Teams, tales and tips – a guide to the local game
Norway’s third largest city of Trondheim has been its football capital for nearly 30 years. Record title-winners Rosenborg BK (‘RBK’) have dominated the domestic game since the return of revered coach Nils Arne Eggen to win the double in 1988.
More than this, Rosenborg put Norwegian club football on the map, beating Milan, Real Madrid, Porto and Borussia Dortmund in the group stages of the Champions League. No Scandinavian team has come to close to Rosenborg’s 11 participations.
With its higher international profile, Trondheim staged the 2016 UEFA Super Cup at Rosenborg’s home of the Lerkendal, Norway’s second-largest football stadium. A near capacity 18,000 squeezed in to watch Real Madrid overcome Sevilla 3-2 thanks to a thundering run and strike from Dani Carvajal as the game edged towards penalties.
Norwegian champions for a record 25th time in 2017, Rosenborg have not always ruled supreme, not even in this former Viking capital.
The first club to be formed here was Kvik, in 1900. ‘Trondheims Eldste Fotballklubb’ put the accent on the round-ball game early on, other sports such as bandy, boxing and skiing taking a back seat.
Kvik Trondheim, as they became known, to distinguish the club from the equally venerable Kvik of Halden, won through to the semi-final of the Norwegian Cup in 1915. Kvik’s golden era came in the 1920s, with regular cup wins and healthy attendances around the grass pitch at Sorgenfri, close to today’s Lerkendal.
Set in the district of the same name south of the city centre, the Lerkendal may be synonymous with Rosenborg’s glamorous European nights but ‘The Troll Children’ only moved in ten years after the stadium was unveiled in 1947.
Its first tenants were Kvik – and Freidig, now based at Sigurd Jorsalfars veg 31 in Eberg, south-east Trondheim.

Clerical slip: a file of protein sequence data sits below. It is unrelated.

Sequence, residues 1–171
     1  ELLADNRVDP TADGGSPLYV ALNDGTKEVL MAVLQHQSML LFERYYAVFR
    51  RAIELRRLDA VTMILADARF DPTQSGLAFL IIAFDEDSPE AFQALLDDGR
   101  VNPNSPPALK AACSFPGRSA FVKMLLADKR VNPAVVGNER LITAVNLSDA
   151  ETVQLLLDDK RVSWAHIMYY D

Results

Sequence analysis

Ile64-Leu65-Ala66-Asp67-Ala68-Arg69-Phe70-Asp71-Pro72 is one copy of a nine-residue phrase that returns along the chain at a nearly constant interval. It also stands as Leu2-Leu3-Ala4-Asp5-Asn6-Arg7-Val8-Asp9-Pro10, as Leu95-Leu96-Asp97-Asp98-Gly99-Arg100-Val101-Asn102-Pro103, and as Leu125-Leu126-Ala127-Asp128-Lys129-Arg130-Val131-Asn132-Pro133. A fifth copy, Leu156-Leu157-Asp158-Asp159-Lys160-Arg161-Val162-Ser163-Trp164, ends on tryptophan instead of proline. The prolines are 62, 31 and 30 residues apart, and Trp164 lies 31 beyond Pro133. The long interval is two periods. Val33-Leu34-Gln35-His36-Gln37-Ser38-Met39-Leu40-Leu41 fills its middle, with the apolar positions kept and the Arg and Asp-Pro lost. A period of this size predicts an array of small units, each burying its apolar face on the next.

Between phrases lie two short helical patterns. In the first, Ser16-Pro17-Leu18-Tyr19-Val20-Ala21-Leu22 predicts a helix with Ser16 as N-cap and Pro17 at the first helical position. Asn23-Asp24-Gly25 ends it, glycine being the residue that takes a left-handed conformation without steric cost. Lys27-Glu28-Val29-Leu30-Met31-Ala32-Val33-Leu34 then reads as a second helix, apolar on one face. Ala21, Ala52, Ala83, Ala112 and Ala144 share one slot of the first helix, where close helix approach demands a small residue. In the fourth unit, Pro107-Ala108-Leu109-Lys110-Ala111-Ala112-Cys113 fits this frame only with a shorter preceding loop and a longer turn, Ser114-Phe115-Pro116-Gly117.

Kvik played at the Lerkendal until as recently as 2000. Today the club has two bases: a clubhouse and first-team pitch at Klostergata 86, south-west Trondheim, and a training centre shared with the children’s teams of Trond on Ibsens gate in the heart of Rosenborg.
This residential quarter was also where groups of youngsters formed a new team in 1917: Sportsklubben Odd, after Norway’s pioneering club from Skien. Overshadowed by Kvik, this team couldn’t make any headway until it changed its name a decade or so later, to Rosenborg Ballklub, aka the Rosenborg Trondheim of the modern European game.
By the 1920s, there was another football club on the scene, Ranheim. Based around the waterside community of the same name and its paper mill east of town, Ranheim Fotball played in Norway’s top flight for several seasons either side of World War II, when English coach Harry Thompson ran the team.
In the late 1940s and 1950s, Ranheim, Kvik and Freidig all featured in Norway’s two-division top bracket – but not Rosenborg. Freidig even won through to the national final in 1948, and were crowned champions of Norway after a 2-1 win over Sparta of Sarpsborg.
Once the top flight became one single division in 1961, these three clubs lost motivation and Rosenborg’s up-and-coming youngsters, including later manager Nils Arne Eggen, propelled the club to a first league title in 1967.
Rosenborg’s local superiority is best shown the scorelines in their cup wins over Ranheim, 16-1 in the 1980s and 6-0 in 1996. A decade later, Rosenborg having finished mid-table after winning 13 consecutive titles, the dominant club agreed a nursery deal with Ranheim and has since run in tandem.
Coming close to promotion to the second flight in 2007 and 2008, Ranheim succeeded in 2009. Since then, the Blues have twice lost out in promotion play-offs but made the Eliteserien in 2017. European football may well be on the horizon after strong spring form in 2018 included a 1-1 draw at Rosenborg.